By Heather Jennings, PE

Of all the wastewater lagoon systems I have been to, I’ve never met the same lagoon twice! Many consider lagoons old tech, but they can be very reliable and more stable treatment systems than many of the more sophisticated systems out there. Lagoons, like any wastewater system, should not be left unattended for long periods of time! I recommend daily visits rather than once a week or once a month. One of the common issues lagoons have, barring equipment issues, is biochemical oxygen demand (BOD5) issues.

BOD5 effluent issues have several different causes. One of the biggest reasons is short circuiting of the lagoon, either by poor design or due to solids build up. Basically, the treatment process can be cut sometimes to over half of the original intended hydraulic detention in the extreme cases by either issue. Poor design can be overcome by adding baffles and strategically placed mixers or aerators. Solids build up can be handled by dredging, but this usually requires extended closure and, at the least, plastic liner replacements. If you are looking at 30%–50% or more organic solids in your sludge, give me a call as we can break them down with Bio Energizer® without taking your system offline!

Flipping or turnover of the lagoons can also be responsible for high BOD5 levels going out the door. Typically, this occurs due to different thermal strata within the water column, meaning that there are different temperatures throughout the lagoon. When the temperatures start warming in the spring or cooling off in the fall, and you add wind action, the bottom or benthic layer of a lagoon with solids comes to the surface. With turnover you lose dissolved oxygen throughout the water column, which reduces solids reduction and can allow solids to leave with the lagoon effluent. Let’s not forget the odors that come with it! As this is entirely driven by ambient temperature, the only tried and true way to overcome this phenomenon is to increase mixing and circulation throughout the lagoon. This is accomplished by adding mixers—or aeration and mixers—but sometimes the expense is more than small communities can handle. Reducing solids can also help reduce the odors.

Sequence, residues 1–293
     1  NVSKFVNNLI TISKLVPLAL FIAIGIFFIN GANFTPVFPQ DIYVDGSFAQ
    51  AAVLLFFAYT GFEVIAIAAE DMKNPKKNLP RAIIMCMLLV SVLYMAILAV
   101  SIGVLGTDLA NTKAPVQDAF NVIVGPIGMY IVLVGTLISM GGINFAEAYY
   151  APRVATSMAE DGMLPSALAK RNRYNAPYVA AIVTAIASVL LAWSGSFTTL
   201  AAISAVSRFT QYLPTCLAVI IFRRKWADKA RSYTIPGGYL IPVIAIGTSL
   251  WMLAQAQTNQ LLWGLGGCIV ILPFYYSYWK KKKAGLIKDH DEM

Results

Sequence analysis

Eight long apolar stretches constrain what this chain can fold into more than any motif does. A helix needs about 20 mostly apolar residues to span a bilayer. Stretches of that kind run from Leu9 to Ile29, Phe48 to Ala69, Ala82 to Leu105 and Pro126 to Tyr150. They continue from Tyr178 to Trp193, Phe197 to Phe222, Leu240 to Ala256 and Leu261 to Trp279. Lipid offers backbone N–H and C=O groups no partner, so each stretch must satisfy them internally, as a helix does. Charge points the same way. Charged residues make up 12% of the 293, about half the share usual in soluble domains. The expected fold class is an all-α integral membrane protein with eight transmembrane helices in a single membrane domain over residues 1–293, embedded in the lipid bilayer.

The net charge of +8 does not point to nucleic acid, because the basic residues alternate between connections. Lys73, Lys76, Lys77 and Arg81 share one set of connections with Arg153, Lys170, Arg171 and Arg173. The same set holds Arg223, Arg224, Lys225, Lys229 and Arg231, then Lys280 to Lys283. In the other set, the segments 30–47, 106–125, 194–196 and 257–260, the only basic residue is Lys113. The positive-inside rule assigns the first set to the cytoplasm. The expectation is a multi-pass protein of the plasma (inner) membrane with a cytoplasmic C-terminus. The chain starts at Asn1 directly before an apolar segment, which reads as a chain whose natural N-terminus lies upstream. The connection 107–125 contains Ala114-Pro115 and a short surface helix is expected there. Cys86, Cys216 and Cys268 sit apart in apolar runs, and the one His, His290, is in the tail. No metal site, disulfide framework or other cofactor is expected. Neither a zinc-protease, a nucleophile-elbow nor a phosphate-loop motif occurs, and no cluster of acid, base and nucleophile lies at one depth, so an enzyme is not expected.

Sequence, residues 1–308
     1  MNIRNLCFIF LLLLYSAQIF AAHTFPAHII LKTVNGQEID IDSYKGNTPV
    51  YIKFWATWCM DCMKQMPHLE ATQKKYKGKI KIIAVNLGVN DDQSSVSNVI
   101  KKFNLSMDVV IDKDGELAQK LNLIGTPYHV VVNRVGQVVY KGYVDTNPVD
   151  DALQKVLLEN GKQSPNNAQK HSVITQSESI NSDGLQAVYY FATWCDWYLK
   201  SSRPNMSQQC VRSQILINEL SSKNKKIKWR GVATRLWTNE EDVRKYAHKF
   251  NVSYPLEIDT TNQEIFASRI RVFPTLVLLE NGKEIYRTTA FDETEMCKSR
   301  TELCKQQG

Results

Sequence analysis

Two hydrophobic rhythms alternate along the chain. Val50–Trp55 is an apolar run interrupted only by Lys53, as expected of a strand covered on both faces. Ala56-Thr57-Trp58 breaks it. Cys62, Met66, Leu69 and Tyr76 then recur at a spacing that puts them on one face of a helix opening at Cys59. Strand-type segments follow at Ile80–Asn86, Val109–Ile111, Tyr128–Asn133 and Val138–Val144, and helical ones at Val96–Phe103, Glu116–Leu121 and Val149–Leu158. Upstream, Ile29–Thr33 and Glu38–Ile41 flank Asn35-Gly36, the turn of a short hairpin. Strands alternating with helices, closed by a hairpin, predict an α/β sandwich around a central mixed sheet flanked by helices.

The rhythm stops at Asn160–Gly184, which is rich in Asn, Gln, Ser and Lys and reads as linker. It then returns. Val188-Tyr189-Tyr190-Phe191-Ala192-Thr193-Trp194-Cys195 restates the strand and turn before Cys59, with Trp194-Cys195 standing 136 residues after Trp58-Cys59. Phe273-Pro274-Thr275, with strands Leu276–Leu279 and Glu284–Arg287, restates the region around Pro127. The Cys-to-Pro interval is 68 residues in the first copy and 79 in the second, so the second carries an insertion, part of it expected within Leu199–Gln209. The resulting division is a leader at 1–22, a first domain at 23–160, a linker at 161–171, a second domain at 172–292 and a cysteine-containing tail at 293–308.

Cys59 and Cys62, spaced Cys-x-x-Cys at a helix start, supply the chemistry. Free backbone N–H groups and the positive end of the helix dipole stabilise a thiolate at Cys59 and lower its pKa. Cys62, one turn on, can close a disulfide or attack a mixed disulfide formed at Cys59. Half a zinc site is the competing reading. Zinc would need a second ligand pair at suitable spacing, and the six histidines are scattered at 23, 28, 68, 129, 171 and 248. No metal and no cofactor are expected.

High BOD5 values can also be due to high levels of total suspended solids (TSS), which is another method of measuring the efficacy of your lagoon’s treatment.  Algae, floc, plant materials, and inorganics such as sand and silt can drive TSS up and potentially exceed permit requirements for effluent. This will more likely happen when the benthic layer at the bottom of the lagoon is agitated by turnover or newly added mixers, etc. I have even seen issues due to wildlife “enjoying” the water and stirring things up! 

I recommend utilizing both BOD5 and TSS when analyzing your lagoon wastewater treatment system by using the TSS:BOD5 ratio. If it’s less than 1.0, you could have benthic feedback. If you have 1.0 then you are looking at short-circuiting issues. Normal operations have a ratio of 1.5, but if you are over a ratio of 2.0 start looking at algae blooms, surfacing benthic solids, or over aeration. If you see surfacing algae and solids, then a ratio of 2.0 will not surprise you.

What can you do to address some of these issues? If it’s algae overgrowth you might have to use an algaecide, although remember prevention is always better than letting it get out of control. Solids—as I mentioned before—can be removed physically by dredging or with a biostimulant product such as Bio Energizer®. Either way, solids removal helps prevent these issues as well as a host of other issues. If all else fails, give us a call! We’d love to help before you develop ulcers or you fail to hit or exceed your permit limits!

About the Author

Larry Cooper

Director, Sustainability & Knowledge Management, Huma, Inc. Lifelong learner, master gardener, rescuer of greyhounds, grandpa. Once served detention for placing ecology flag on top of his high school.

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